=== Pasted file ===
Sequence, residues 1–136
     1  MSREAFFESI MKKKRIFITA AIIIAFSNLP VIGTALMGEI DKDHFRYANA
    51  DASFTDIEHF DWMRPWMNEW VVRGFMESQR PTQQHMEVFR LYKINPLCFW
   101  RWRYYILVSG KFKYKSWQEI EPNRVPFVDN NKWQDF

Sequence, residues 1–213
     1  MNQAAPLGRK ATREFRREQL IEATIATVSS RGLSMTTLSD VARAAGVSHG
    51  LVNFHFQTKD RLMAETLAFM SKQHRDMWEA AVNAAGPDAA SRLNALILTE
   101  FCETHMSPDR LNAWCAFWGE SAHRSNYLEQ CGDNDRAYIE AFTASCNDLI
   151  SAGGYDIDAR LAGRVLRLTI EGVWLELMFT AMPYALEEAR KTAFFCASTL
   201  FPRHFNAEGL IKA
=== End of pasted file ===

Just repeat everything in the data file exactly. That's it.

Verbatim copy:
Sequence, residues 1–136
     1  MSREAFFESI MKKKRIFITA AIIIAFSNLP VIGTALMGEI DKDHFRYANA
    51  DASFTDIEHF DWMRPWMNEW VVRGFMESQR PTQQHMEVFR LYKINPLCFW
   101  RWRYYILVSG KFKYKSWQEI EPNRVPFVDN NKWQDF

Sequence, residues 1–213
     1  MNQAAPLGRK ATREFRREQL IEATIATVSS RGLSMTTLSD VARAAGVSHG
    51  LVNFHFQTKD RLMAETLAFM SKQHRDMWEA AVNAAGPDAA SRLNALILTE
   101  FCETHMSPDR LNAWCAFWGE SAHRSNYLEQ CGDNDRAYIE AFTASCNDLI
   151  SAGGYDIDAR LAGRVLRLTI EGVWLELMFT AMPYALEEAR KTAFFCASTL
   201  FPRHFNAEGL IKA